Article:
The singularity is what sits inside the black hole, where everything entering the event horizon ends up. It's a region of space where matter has infinite density, gravity is infinitely strong, and spacetime has infinite curvature. As you can tell by all the "infinites" we don't really have a clue what's going on. A non-rotating black hole's singularity is a dimensionless point. A rotating black hole's singularity is a ring situated along the plane of rotation (it has length and width, but zero thickness).
The appearance of singularities in general relativity show the limits of the theory - the places or conditions where the theory breaks down. At a gravitational singularity, quantum mechanical effects (specially quantum gravity effects) are dominant. At present, we have no quantum theory of gravity. When we do, we will no longer think of these things as singularities.
Since there's not much we can say about singularities, let's say a few things about what they're not. The space inside the event horizon is not normal space. Time inside the event horizon is not normal time. What happens to space-time inside the event horizon is unknown. Various references describe it has "mangled", "highly curved" etc., which sound somewhat descriptive but don't say much. The singularity is simply the place where this "mangledness" reaches its ultimate extent. Using words which we created to reference things and events happening in space and time don't do justice to the state of affairs inside the event horizon. Therefore, saying that a singularity is a "dimensionless point" is not strictly true. If space as we know it doesn't exist at the singularity, what does "dimensionless" mean anyway? It just goes to show that along with general relativity, our language also breaks down inside the event horizon. When we do invent language to describe it (when we have a theory of quantum gravity), we will no longer call it the "singularity". This is not something most people care about in the ordinary course of affairs, unless they are theoretical physicists. But these concepts are often used (and misused) by people philosophizing about the nature of reality and such metaphysical questions. Then it becomes extremely important to remember what we do not know, and thus remove the temptation to derive conclusions from it.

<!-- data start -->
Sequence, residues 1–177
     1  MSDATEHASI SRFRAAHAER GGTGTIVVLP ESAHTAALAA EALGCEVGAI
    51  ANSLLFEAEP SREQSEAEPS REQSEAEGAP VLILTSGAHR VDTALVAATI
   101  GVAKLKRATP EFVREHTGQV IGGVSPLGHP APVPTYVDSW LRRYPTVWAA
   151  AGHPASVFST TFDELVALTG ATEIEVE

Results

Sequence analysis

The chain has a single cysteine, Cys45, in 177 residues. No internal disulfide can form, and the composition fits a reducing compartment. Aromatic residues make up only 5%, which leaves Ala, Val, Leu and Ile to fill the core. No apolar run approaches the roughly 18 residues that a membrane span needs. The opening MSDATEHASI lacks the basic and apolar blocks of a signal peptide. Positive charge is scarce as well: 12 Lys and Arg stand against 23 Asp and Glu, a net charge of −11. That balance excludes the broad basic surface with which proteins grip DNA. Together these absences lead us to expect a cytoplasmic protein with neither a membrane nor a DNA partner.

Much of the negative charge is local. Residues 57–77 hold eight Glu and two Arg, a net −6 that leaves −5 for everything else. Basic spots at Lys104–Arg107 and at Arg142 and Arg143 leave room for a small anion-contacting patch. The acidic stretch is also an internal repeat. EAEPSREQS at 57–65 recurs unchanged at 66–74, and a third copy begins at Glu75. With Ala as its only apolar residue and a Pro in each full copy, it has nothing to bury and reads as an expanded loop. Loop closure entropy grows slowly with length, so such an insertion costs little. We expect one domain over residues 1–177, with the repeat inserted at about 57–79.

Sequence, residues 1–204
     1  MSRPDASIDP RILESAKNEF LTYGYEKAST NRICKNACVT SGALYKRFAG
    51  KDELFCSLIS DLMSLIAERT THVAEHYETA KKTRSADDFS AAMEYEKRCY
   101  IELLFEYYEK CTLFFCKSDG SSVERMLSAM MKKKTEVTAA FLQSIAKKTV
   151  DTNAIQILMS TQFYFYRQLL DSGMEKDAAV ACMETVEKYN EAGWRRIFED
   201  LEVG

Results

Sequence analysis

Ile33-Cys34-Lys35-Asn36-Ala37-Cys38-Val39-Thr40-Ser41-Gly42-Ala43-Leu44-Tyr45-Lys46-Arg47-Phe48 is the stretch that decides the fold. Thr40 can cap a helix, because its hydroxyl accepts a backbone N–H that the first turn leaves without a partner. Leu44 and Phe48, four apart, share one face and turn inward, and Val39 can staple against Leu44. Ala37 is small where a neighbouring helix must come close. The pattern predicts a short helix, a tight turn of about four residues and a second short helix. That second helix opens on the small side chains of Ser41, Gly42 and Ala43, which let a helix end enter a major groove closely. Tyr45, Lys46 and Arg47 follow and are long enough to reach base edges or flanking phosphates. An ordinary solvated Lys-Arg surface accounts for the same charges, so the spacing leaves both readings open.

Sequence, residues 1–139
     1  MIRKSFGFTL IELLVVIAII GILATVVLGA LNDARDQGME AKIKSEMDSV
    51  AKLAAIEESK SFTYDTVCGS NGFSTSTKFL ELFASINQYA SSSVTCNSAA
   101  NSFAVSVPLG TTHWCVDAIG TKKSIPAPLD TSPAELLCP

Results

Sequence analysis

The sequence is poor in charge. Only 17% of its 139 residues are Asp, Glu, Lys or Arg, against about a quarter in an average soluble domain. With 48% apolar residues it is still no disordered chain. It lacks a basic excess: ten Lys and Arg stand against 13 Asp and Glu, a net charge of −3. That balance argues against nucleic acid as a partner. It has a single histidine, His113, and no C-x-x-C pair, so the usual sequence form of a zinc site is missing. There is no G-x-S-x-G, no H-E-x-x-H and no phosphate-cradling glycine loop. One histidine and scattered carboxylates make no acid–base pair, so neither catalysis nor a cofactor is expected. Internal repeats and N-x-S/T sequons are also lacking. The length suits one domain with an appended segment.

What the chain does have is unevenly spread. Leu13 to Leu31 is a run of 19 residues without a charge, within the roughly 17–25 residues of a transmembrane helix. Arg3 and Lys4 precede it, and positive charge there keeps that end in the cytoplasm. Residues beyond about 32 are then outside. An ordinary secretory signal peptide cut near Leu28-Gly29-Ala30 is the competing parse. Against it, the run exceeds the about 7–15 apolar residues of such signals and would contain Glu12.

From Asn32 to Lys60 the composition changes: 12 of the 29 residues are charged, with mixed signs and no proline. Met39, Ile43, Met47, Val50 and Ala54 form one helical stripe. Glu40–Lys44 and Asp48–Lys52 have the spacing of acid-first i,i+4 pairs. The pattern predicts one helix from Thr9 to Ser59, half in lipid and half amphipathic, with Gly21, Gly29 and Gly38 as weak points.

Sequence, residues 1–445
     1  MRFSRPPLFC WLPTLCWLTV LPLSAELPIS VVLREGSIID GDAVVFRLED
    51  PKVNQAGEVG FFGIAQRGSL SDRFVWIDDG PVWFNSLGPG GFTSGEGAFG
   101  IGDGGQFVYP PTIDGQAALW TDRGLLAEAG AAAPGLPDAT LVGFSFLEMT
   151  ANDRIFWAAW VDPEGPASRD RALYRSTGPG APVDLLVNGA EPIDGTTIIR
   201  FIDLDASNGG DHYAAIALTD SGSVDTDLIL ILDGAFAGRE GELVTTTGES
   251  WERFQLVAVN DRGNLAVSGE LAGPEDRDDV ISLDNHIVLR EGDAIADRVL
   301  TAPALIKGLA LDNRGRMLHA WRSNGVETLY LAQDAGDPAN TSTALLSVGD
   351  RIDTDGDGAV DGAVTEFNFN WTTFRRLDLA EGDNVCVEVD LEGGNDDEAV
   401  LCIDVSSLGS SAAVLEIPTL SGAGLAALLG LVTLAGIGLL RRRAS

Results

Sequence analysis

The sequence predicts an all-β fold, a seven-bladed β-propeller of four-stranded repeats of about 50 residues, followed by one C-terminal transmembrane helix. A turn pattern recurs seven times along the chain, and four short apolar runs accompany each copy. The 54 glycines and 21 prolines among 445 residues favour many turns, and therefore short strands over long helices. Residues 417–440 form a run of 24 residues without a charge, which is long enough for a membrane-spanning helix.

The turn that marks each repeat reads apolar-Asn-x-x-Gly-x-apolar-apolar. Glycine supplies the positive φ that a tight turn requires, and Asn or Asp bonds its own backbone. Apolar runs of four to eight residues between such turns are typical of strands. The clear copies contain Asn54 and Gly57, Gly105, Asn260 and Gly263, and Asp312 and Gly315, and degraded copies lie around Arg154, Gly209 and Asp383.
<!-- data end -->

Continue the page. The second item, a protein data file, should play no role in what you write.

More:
Any rotating black hole "pulls" along a region of spacetime with it, due to a phenomenon called frame-dragging. As far back as 1918, the Austrian physicists Josef Lense and Hans Thirring predicted (using general relativity) that a rotating object would drag any nearby object along with it. In other words, an object close enough to a rotating black hole would start rotating around it. There is some complicated math behind it, but one way to understand it is to imagine a clock near a black hole. Because of time dilation, the clock appears to slow down, to an outside observer. If the clock starts rotating around the black hole, in the direction of rotation of the black hole, it will appear to tick faster than if it were not rotating. Time will still appear to slow down for it, to an outside observer, but it will slow down the least if the clock is rotating around the black hole in that direction. The same is true if we replace the clock with a light beam. A light beam will move around a black hole faster in the direction of rotation of the black hole.
This is simply a specific example of a more general idea of gravetomagnetism, which occurs when a mass is moving in any fashion (linearly or rotating). This terminology considers the phenomenon of frame-dragging as a fictitious force, analogous to a moving electrical charge creating a magnetic field. A moving mass creates a fictitious force, tending to pull along any nearby objects with it. There is some proof that this prediction of relativity is true, in the observation of relativistic jets emerging from black holes in quasars. Roger Penrose proved mathematically that it's possible for these relativistic jets to acquire their energy directly from the black hole, through frame dragging. There is a NASA experiment called Gravity Probe B under way, to obtain information that might corroborate frame dragging. The results should be available by 2010.
Rotating black holes would show this effect, dragging space along with them in the direction of their rotation. Because of this, any object close to a black hole would start rotating with it. In a region very close to the black hole, the speed of rotation exceeds the speed of light. An object in this region would therefore move faster than the speed of light. Just to be clear, it's not really the object moving faster than the speed of light, it's space itself moving at that speed. For this reason, such an object could never be stationary relative to anything outside the universe, because to be stationary, it would need to actively move in a direction opposite to that of the rotation, at a speed exceeding light. Which is not possible. This region where it's not possible for an object to remain stationary relative to an outside object is called the ergosphere. Its shape is that of an oblate spheroid - bulging at the equator, and flattened at the poles of the rotating black hole.